1. It is abundantly clear that we need to engage in domestic production of essential commodities that we consume. This ranges from food for the general population to Personal Protective Equipment for health workers. It appears many essentials are imported in this country. Going forward we need to aggressively move into and invest in manufacturing and production of essential commodities. “Necessity they say is the mother of all inventions”. We have seen Obuasi Secondary Technical School lads produce an automated veronica bucket. I understand one individual is working on producing a brand of ventilator for Intensive Care purposes. The state should encourage these initiatives.
2. The pandemic has shown how fragile our health system is. The State must invest more in the health system. This pandemic has shown that there are times that one cannot travel outside the country for health care irrespective of status in society.
3. Generally, there is laxity in health screening at the points of entry into our country. This pandemic should be a wake-up call to all at the entry points, especially Port Health Authorities.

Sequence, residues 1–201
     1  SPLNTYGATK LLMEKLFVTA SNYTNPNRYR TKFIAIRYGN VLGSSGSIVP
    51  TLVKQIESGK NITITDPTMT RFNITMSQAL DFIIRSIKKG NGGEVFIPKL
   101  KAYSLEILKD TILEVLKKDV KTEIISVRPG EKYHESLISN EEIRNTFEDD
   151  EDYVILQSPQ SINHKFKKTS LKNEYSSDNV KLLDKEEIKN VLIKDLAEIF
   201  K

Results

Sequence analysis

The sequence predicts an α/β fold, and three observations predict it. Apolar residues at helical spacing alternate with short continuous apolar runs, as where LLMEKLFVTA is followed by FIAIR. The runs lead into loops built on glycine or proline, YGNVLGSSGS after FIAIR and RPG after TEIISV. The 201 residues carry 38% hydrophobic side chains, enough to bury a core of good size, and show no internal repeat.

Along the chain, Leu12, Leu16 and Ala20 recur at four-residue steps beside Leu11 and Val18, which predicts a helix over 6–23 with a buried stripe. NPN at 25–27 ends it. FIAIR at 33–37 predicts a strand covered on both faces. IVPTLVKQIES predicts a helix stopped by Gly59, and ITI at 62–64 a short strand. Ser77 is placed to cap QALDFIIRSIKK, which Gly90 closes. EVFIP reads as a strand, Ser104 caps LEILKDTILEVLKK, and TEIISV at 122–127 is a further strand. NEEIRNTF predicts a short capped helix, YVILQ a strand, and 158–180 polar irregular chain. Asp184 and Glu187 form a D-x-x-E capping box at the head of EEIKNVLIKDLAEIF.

4. Working from home has become an alternative to being physically present at work in many jurisdictions. In the case of schools, we have online courses. In this era of technology, the way to go is to encourage employees to work from home, if their jobs do not require them to be physically present to discharge their duties. Schools, especially tertiary institutions should look at offering online programmes.
5. This pandemic has revealed that we have poor data on people residing in Ghana. This in many cases has made it difficult for contact tracing. We have a great deal to learn from this experience. Maybe the National Identification exercise which has been suspended when it resumes after the pandemic will help us resolve this problem.
So far; so good. As one Preacher put it, “a lot will change in the world after COVID-19”. Perhaps we may change the way we greet from handshakes to head bows. We may also look at our social and religious gatherings. We may learn to be self-reliant as developing countries than depending on aid and foreign support. Perhaps, we will learn to invest in our health systems to strengthen them than travelling outside for health care. Or perhaps there will be less international travels. We may also look at our hand washing habits as a people.
BY Farouk Adam IDDRISU
Disclaimer: "The views/contents expressed in this article are the sole responsibility of the author(s) and do not neccessarily reflect those of Modern Ghana. Modern Ghana will not be responsible or liable for any inaccurate or incorrect statements contained in this article."